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Storylines: Fleury and Vokoun

by Michelle Crechiolo / Pittsburgh Penguins takes a look at some of the key storylines to keep an eye on during training camp and the upcoming 2012-13 season.

Heading into a shortened season, the Penguins are fortunate to have one of the NHL’s best goalie tandems in Marc-Andre Fleury and Tomas Vokoun. The two netminders will likely share the workload and keep each other fresh during the hectic, compressed schedule.


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“We have a lot of games in a short period of time, so I’m sure we’ll be working good (together) sharing a bit of ice time,” Fleury said. “We’ll see how it goes along the way.”

The two goalies spoke over the phone a few times during the summer after Pittsburgh signed Vokoun, 36, to a two-year, $4-million contract in June, and are looking forward to helping each other out.

Fleury, 27, had built an excellent rapport with Brent Johnson over the last few seasons, becoming close friends with his former goalie partner. He plans to do the same with the 13-year NHL veteran Vokoun, someone he admires and respects.

“(Vokoun) is a guy I’ve been watching since I was younger,” Fleury said. “I always liked the way he plays and stuff, so it will be nice to get to meet him and play with him.

“I think it’s great to have a guy like that who’s had a lot of experience and has been around for a long time. If we can talk about plays on the ice and goalie stuff, I think it’s always a good balance to help each other out.”

Becoming a successful NHL goalie requires an elite combination of talent and mental toughness, and Vokoun knows that Fleury is a special player to have made it in this league. But with that being said, Vokoun has been around a long time.

He’s been a starting goalie for many of the 13 years he’s played in the NHL, topping 25 victories for nine straight seasons and topping 30 victories three times. His 287 career victories rank sixth among active netminders. 

After the 2004-05 NHL lockout, Vokoun’s career really took off. Since 2005-06, Vokoun appeared in 401 games, eighth-highest total in that span, and posted 36 shutouts – an average of 5.1 per season. In the last four years, he’s posted a .923 save percentage and has twice been named an NHL All-Star (2004, ’08).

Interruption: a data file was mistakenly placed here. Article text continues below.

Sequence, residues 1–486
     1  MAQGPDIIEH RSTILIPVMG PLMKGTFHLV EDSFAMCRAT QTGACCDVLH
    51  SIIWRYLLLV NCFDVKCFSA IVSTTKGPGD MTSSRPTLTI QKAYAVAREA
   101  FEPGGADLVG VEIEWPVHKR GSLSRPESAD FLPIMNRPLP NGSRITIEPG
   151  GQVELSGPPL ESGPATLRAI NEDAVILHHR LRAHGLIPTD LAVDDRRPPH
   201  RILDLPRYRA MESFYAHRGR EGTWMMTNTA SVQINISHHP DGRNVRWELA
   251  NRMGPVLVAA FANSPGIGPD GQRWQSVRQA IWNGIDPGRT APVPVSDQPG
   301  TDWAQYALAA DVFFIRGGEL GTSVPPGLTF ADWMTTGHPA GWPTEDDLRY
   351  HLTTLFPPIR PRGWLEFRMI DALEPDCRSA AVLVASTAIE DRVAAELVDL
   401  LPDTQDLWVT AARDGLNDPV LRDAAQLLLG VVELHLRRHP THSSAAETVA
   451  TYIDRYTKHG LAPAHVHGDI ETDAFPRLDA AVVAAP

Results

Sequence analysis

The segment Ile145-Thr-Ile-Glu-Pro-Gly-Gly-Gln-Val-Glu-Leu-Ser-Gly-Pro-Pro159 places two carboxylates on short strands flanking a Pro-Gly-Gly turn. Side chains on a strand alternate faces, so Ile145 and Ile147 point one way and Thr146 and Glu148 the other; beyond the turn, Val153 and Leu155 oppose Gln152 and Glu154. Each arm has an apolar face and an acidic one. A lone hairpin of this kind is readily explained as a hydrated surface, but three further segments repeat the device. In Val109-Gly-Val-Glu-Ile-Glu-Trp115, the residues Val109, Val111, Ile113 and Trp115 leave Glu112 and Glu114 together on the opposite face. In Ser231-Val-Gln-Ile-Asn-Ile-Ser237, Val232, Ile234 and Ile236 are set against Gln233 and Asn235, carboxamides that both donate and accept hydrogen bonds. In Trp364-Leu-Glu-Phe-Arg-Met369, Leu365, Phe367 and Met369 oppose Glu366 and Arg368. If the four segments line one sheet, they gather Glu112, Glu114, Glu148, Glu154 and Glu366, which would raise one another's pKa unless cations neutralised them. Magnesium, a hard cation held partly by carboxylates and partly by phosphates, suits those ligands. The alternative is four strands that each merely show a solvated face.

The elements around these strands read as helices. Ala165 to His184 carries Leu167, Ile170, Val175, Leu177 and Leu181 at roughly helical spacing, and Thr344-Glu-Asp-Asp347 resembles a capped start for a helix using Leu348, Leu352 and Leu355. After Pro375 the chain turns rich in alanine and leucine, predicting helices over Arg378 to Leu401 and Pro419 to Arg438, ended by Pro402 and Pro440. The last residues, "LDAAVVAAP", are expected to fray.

Vokoun has experienced a lot during his time in this league, and hopes to help Fleury with anything that he might need – and learn from his new goalie partner at the same time.

“I’m going to try to help him with what I think can help him (with) and I’m going to be watching him,” Vokoun said. “He’s got a lot of good attributes that I can’t have any more because of my age and I don’t think I’m ever going to be as flexible as he is. I’ve got to play a little differently but I have a lot of experience and I can probably help him with that because no matter who you are, you go through ups and downs and you’re not always feeling great. It helps to have somebody who knows what you’re going through and can help you and understand.

“Unless you’ve ever stood in the net, you have no idea and you just can’t know those feelings. I think that’s what makes us really close as goalies because we know. You know how hard it is and what the other person is going through.”

Right now, it’s still uncertain how playing time will be split up between the two goalies.

“That’s a question for the coaches,” Vokoun said. “For 10 years I played as a No. 1 goalie so for me, I’ll play when they tell me to play and that doesn’t change if you’re a backup. Coaches make the decisions. That’s their job. They’re going to put on the ice who they feel should be out there. For me, whatever number of chances that I’m going to get to play, that’s probably up to me and how I play and how confident they feel putting me in there.”

At the end of the day, these two goalies have a shared objective: winning hockey games and winning the Stanley Cup. And they’re going to do whatever it takes to get there.

“We’re teammates, we’re here to help each other and that’s basically the bottom line,” Vokoun said. “You work hard and play the best you can when you play, but we all have a common goal and that is to play winning hockey. So I’m here to support him and I’m sure he’s going to support me.”

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